Review – The Spider King #4 (IDW Publishing)


Publisher: IDW Publishing
Writing: Josh Vann
Illustrations: Simone D’Armini
Colours: Adrian Bloch
Letters: Nic J Shaw
Release Date:7th March 2018

If you haven’t read issues 1 through 3 of this IDW Publishing series yet, stop whatever you’re doing and go do that instead…


Caught up? Good.

The Spider King #4 brings us the climatic conclusion to the saga of Hrolf and the eponymous Spider King. With the treasures of the gods (or alien tech if one is being pedantic), the surviving rag tag band assaults the drone soldiers of the Spider King at the impenetrable Lombard fortress before an epic showdown with the big bad Slarpax itself. (That’s not a sentence you read every day.) As one would now expect from this series there is oodles of action and humour with a finale that, whilst not entirely unexpected, is rewarding in its presentation. Without trying to spoil anything, there’s appreciated balance which rounds everything off just perfectly.

From the first panel of the first issue through to the last one here, The Spider King has been an absolute blast. Josh Vann has recounted a story here of which even the greatest skalds would be envious. Taking on two very different genres and mashing them together brings risks, although the bigger the risk the bigger the reward. It’s nonsense, it’s whimsy, and importantly it’s fun, but it’s also gripping and has some pretty dark, grisly ‘punch in the guts’ moments too. Ultimately this is a story of underdog heroes whose qualities shine through when it counts the most and, despite the subject matter, feels like a modern version of these great stories of our past.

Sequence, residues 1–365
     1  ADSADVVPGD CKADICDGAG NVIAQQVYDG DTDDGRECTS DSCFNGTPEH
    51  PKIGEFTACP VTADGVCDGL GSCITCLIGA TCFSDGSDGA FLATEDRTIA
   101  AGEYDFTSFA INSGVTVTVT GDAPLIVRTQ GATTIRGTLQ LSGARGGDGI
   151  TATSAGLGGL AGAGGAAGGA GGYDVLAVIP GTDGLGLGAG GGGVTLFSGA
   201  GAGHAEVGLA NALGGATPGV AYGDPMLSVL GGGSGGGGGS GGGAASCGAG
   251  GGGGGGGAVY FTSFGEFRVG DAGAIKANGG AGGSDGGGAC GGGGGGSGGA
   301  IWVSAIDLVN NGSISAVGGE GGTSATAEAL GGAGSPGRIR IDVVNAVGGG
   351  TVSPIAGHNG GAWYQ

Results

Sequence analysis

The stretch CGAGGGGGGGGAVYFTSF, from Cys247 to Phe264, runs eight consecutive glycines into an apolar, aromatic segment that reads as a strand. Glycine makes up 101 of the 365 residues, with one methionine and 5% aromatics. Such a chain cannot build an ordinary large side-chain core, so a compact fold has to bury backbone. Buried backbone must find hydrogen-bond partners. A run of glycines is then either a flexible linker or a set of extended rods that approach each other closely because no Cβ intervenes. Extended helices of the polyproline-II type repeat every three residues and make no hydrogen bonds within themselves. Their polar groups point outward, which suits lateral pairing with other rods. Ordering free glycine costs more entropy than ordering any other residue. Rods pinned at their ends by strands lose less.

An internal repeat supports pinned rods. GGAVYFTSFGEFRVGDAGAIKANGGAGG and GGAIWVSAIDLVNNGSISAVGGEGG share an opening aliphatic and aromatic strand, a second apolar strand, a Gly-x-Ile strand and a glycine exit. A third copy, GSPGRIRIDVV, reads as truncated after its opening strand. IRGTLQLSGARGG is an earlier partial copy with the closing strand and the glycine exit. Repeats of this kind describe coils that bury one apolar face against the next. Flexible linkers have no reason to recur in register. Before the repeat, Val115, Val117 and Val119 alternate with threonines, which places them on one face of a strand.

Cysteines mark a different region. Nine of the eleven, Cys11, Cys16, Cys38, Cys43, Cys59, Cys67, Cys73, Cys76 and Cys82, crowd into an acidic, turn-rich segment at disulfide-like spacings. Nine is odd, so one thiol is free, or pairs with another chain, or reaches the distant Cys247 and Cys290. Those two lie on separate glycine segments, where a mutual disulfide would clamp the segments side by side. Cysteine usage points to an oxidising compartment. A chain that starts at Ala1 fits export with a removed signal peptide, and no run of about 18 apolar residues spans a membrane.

Without repeating a previous review, it’s hard not to fall in love with the art of this series. D’Armini and Bloch really go all-out in this issue however, with an assault on the eyes that’s almost bewildering at times. The same attention to detail which has been exhibited throughout doesn’t let up here and the gore and action helps to bring the same unsettling yet wondrous appeal. Of particular note is a certain hand held device amongst the trinkets and artefacts strapped to Hrolf’s horse Sigmund on the cover art; a lovely little touch.

With the science fiction aspect of the story fully unleashed in this issue, Bloch lets rip with vibrant hues which really emphasise the merging of the tropes. This builds in crescendo-like fashion through to the delightful bad guy monologue towards the end. The shift in style is sudden but is skilfully presented to ensure that it isn’t jarring enough to throw you from your immersion. An earlier misgiving about personal tastes and almost too much going on is gone, replaced by the idea of just trying to hold on and enjoying the ride.

Let’s also not forget the lettering from Shaw. Seamless throughout, the added task of conveying alien language probably isn’t the easiest but in combination with D’Armini’s expressions, this brings more of the aforementioned visual humour.

So here then young ones, ends the tale of the Spider King. Or does it..?

Rating: 5/5.


The writer of this piece was: Adam Brown
Adam Tweets from @brother_rooster

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